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National Poetry Month: Meet Our Poets

In honor of National Poetry Writing Month, we wanted to spotlight our poets! We asked them some questions about poetry and their personal experience with it. Here's what they had to say!



Mark Richards


What kind of poetry do you write? Getting through struggles with Jesus


How did you begin writing poetry? As therapy and an outlet for feelings.


What does poetry mean to you? It's a way to make hard trials easy and express all ranges of emotion in any way you choose.


Why do you write poetry? I feel pulled to do it or kind of a calling.


What’s the last poem or poet you read that inspired you and why? Glory in the Flower by William Wordsworth, it focuses on what to do if you have a loss and gives a great way to look at it.


Anything else you'd like to add about poetry, writing, or the importance/value of poetry in our lives? I believe if more people wrote and read poetry that empathy could spread freely.



Jessica Shirey




Christie Beckwith



What kind of poetry do you write?

I write general observations of life around me or thoughts that life inspires. I love repetition, turns, and enjambment so I pay attention as much to the form of the poem to drive my point home as the actual words.


How did you begin writing poetry?

My grandmother used to teach me these vocabulary words and she read me poetry as a child which I fell in love with. I continue to write now as somewhat of a homage to what she instilled in me. 


What does poetry mean to you?

I look for poetry to find the shortest path to enlighten me on a topic or thought process I haven’t considered. I also look to it for inspiration as many poems have been written by others who have gone through problems I face and offers comfort and connection.


Why do you write poetry?

It’s a medium I connect with. I love words, I love the dance of expressing yourself in words and form. I love the rhythms and patterns and how some of its rules can be broken while some really help to shape a story in a way you haven’t considered. It can be very playful and very serious. 


What’s the last poem or poet you read that inspired you and why?

Andrea Gibson is an absolute force and the type of poet and human I aspire to emulate. Their book “You Better Be Lightning” should be classic literature. 


Anything else you'd like to add about poetry, writing, or the importance/value of poetry in our lives?

Many people find poetry stuffy, boring, elitist, and unnecessary. When you really dig in, it’s actually a blooming space where revolutionary concepts surrounding liberation and community happen. 



Kirke Wise




Greg Clary



What kind of poetry do I write?

My poetry is rooted in my personal experiences and observations of the people, events, and locales around me. Sometimes it takes years before I am in a position to examine something in any type of meaningful way. My poems serve as a catalyst for self-reflection and when it is working, I may discover hidden truths, unresolved emotions, and a newfound perspective on past events.


How did you begin writing poetry?

I began writing poetry only after I had retired as a college professor, a career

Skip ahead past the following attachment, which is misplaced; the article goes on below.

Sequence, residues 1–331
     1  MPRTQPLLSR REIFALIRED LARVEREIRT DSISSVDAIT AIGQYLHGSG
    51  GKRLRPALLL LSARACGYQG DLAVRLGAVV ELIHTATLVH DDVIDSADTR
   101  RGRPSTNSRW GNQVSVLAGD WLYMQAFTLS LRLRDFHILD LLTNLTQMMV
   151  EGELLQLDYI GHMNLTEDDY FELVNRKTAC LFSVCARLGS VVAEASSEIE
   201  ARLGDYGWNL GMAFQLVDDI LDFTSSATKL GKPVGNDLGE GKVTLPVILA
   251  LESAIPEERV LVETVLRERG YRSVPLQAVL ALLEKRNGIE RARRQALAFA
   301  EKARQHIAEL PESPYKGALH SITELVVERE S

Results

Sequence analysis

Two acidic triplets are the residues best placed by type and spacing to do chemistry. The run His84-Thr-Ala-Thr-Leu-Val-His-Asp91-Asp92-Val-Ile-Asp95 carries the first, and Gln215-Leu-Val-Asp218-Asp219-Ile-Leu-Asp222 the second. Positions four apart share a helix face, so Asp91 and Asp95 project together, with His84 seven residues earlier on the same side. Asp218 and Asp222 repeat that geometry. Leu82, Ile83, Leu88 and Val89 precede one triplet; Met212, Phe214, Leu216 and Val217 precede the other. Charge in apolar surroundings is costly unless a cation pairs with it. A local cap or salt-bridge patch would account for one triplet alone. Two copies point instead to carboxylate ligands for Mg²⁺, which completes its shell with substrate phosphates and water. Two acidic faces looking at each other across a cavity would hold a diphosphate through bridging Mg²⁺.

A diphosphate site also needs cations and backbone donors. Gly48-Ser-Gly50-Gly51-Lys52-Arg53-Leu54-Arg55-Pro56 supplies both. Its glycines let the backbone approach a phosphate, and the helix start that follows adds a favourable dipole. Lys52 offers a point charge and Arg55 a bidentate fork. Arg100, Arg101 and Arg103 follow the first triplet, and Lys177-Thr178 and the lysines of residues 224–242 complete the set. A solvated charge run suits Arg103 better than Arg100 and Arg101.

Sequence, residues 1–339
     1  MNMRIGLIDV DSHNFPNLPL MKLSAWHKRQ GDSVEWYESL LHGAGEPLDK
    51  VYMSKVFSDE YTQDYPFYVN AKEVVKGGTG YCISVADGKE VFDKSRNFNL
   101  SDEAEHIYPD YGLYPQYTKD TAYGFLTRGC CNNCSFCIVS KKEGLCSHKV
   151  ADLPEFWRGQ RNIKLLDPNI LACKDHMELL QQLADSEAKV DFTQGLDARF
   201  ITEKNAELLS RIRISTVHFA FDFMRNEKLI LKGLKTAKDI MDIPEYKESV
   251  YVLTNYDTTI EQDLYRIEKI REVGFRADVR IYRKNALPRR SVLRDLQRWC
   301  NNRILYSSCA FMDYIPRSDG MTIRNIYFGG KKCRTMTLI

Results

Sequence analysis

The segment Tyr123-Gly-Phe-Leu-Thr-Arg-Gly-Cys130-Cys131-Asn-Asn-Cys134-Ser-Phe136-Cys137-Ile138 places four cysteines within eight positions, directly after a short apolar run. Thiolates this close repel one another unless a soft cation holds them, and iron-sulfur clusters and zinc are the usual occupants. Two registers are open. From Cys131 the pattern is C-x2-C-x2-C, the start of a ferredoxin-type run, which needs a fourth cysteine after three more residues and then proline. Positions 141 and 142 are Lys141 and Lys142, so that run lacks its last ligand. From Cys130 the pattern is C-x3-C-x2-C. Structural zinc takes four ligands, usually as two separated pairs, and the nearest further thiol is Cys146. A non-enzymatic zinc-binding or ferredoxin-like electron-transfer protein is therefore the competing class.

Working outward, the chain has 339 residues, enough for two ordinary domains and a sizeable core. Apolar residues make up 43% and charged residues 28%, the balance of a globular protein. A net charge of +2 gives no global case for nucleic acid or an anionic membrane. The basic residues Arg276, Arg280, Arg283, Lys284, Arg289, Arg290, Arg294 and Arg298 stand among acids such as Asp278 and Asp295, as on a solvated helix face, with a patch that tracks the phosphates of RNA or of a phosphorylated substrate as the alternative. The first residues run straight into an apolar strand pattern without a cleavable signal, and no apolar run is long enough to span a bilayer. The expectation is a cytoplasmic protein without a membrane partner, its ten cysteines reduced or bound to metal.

characterized by a steady stream of academic writing such as objective reports, critical evaluations, course syllabi, research documents, and persuasive grant proposals. Soon after retiring, I participated in an incredible 6-week Creative Nonfiction workshop in Pittsburgh that inspired me to continue writing creatively for my own enjoyment. I then became involved with the Watershed Journal Literary Group in Brookville, and began writing poetry for the first time. I interacted with many talented writers and poets in our region who, in turn, have been tremendous sources of encouragement and guidance for me. Some of my pieces were published in regional and national literary journals and now my first book of poetry is on the horizon with Meraki Press.


What does poetry mean to you?

Poetry is a portal into my identity. A means by which emotions, thoughts, and

experiences may be distilled into subtle, sometimes enlightened, expressions of our lives.


What’s the last poem or poet you read that inspired you and why?

I am currently reading The Trouble with Poetry, by Billy Collins. His work is quite

accessible to me and infused with humor and insightful observations of the mundane aspects of life. He has a knack for transforming the familiar into the extraordinary. In the poem, Monday, Collins writes:


The birds are in their trees,

the toast is in the toaster,

and the poets are at their windows.


That captures the essence of my approach as a poet: an observer gazing out trying to make sense of it all.


Anything else you'd like to add about poetry, writing, or the importance/value of poetry in our lives?

This new book will also include a number of my photographs that will be arranged

thematically with various poems. Some will be wildlife and landscape images from western Pennsylvania and my West Virginia home place while others focus on ordinary scenes and unremarkable objects.


Poets and photographers seek to authentically frame their own perspectives. My poetry and photography share the common theme of seeing beauty among the mundane and infusing them with a sense of significance.



Happy Poetry Month!


Need help bringing your book to life? Meraki Press exists to serve first-time authors as they grow and launch their passion projects!


We offer complete packages or a la carte services for every step from drafting to publishing!

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